Seattle’s most revered ex-Mariner markets bats and caps with other people’s names on them.
SLAP A UNIFORM AND SOME eye-black on ex–Seattle Mariner Edgar Martinez and he looks like he could still hammer a double into the gap at Safeco Field. And lord knows the Mariners could have used the offensive help this season, if Martinez hadn’t retired more than three years ago after 22 years in baseball. But the man many experts consider the finest designated hitter ever to play the game remains a dogged competitor on a very different field.
Before, Martinez’s workplaces were batting cages and dugouts. Now he works in a small, quiet office just outside Kirkland’s bustling downtown. There he focuses on growing his promotional merchandise company, Branded Solutions by Edgar Martinez, and building the Martinez Foundation, which creates educational opportunities for Latino and other minority children. His wife Holli oversees the foundation, but he’s very much a hands-on boss at Branded Solutions, which helps companies find just the right gifts and promotional items—from mugs and golf bags to jelly beans, stopwatches, and, naturally, caps and bats—to carry their logos and slogans. The merchandise is the message—conference swag as strategic marketing. Case study: When KOMO-TV launched a “4-the-Earth” segment, Branded Solutions provided notepads and pencils made from recycled paper (and branded, of course) for giveaways.
Edgar the ballplayer was famous for his engaging smile and boyish enthusiasm for the game. Businessman Martinez is subdued and, well, businesslike. He speaks in soft and measured tones. His office shows none of the ostentation and self-worship for which ex-sports stars are notorious, just a few photos from his playing career.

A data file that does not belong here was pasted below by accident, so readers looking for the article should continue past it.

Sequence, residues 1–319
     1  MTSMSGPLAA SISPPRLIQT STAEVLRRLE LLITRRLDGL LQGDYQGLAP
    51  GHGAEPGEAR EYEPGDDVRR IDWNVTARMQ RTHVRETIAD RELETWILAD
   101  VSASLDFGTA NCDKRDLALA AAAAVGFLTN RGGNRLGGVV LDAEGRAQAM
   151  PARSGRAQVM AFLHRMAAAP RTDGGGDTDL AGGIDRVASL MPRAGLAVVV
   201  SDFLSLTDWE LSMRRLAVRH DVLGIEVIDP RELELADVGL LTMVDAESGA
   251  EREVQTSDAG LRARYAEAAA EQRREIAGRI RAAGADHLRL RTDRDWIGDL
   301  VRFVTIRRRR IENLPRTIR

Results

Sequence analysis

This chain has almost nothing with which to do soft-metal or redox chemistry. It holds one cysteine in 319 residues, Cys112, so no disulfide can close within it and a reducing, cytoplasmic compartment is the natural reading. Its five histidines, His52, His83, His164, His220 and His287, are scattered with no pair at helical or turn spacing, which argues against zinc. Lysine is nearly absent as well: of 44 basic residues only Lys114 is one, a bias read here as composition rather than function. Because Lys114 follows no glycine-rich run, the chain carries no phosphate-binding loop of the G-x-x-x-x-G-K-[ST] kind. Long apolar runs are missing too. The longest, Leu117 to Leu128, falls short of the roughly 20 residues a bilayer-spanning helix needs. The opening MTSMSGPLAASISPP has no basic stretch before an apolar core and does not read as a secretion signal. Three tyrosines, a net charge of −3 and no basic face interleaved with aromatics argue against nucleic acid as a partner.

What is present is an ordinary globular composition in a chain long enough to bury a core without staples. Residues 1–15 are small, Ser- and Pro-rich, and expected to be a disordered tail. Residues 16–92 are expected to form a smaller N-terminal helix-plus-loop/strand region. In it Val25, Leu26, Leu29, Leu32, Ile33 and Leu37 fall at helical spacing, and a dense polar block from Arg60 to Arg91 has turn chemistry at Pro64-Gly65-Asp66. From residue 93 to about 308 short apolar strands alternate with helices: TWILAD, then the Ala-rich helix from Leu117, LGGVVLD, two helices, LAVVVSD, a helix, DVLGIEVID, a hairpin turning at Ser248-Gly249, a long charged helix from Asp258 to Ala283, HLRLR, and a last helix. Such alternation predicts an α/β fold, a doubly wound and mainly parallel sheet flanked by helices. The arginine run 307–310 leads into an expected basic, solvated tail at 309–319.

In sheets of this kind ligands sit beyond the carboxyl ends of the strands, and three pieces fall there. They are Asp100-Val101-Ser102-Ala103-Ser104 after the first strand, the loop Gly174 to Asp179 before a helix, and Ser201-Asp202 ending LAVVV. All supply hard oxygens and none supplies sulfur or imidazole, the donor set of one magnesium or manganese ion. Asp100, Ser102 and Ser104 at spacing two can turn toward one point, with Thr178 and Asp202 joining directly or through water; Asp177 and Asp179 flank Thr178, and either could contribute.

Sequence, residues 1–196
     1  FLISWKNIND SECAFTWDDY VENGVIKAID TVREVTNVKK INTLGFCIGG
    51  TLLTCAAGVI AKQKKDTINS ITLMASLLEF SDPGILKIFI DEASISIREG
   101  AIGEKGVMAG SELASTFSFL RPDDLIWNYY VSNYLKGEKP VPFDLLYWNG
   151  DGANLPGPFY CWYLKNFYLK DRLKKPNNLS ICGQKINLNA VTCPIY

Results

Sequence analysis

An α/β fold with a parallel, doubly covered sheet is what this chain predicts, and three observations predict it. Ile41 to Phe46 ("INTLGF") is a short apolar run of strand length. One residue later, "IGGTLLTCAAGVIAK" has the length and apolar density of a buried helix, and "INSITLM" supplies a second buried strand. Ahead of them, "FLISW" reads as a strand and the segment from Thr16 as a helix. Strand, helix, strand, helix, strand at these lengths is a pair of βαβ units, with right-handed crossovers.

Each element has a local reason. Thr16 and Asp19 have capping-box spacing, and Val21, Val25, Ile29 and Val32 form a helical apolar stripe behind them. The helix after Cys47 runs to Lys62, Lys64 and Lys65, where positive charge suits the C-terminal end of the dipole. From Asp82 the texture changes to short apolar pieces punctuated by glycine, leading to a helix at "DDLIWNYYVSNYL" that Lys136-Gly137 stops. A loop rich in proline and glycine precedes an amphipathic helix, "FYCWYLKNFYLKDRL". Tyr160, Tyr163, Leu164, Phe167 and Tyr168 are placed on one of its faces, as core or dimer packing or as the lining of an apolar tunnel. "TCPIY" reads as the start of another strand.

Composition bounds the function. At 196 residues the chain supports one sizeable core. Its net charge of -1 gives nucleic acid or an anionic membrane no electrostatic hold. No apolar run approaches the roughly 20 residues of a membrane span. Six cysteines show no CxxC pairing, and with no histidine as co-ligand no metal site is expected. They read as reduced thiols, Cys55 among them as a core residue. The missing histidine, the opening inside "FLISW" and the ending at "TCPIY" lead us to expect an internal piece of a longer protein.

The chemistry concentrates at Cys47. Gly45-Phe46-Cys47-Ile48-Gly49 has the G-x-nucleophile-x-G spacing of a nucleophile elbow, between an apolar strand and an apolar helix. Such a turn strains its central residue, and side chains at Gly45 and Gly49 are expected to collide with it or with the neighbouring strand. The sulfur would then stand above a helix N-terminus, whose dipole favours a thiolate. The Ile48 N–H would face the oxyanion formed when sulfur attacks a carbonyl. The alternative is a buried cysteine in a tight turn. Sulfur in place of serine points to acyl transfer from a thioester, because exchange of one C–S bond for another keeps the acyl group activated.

Most ex-ballplayers end up coaching, broadcasting, or owning car dealerships. Martinez had something else to fall back on; his interest in business goes back to high school. He started his first venture, Caribbean Embroidery, with a childhood friend in Puerto Rico in the early 1990s, and moved it here in 1994 to capitalize on the vast mainland market. His wife and her parents ran the company while Martinez played ball. But by 2004 Caribbean Embroidery was scrambling in an overcrowded field. “I remember reading somewhere that there were like 250 embroidery businesses just in Washington State,” Martinez says. “Our margins were getting really thin.”
"In baseball, you make adjustments every at-bat. In business, you have to adjust as the market changes."
Martinez knew the company had to find its own niche. “In baseball, you make adjustments every at-bat,” he says. “In business, you have to adjust as the market changes.” In 2004, he recast Caribbean Embroidery as Caribbean Apparel and expanded into distributing promotional merchandise sourced from the United States, China, and other countries. But he kept a hand in the embroidery trade until it proved clearly unsustainable. “We were using revenue from one business to support the other, and both sides of the business became diluted,” he explains. Finally, as 2006 turned to 2007, he sold the embroidery machines, rechristened the company Branded Solutions, and linked up with an established promotional-goods company, Image Source, that saw Martinez himself as a valuable brand. “We had to go with the bigger market,” he says, “and merchandise is an $18 billion market.”
As he ponders these challenges, the All-Star-turned-executive’s thoughts still turn fondly to baseball. “I miss it the most during spring training because I always loved the preparation part of the game,” says Martinez. “But I really like coming to work here every day. It’s a different sort of adrenaline, but I get a lot of satisfaction from what I do.”
And, it seems, results. “We’re on pace to more than triple the amount of business we did in 2007,” says Branded Solutions spokesman Jeff Holt. But Martinez vows to grow the company in a disciplined manner—as befits a strategic thinker who was one of the most patient hitters in the game.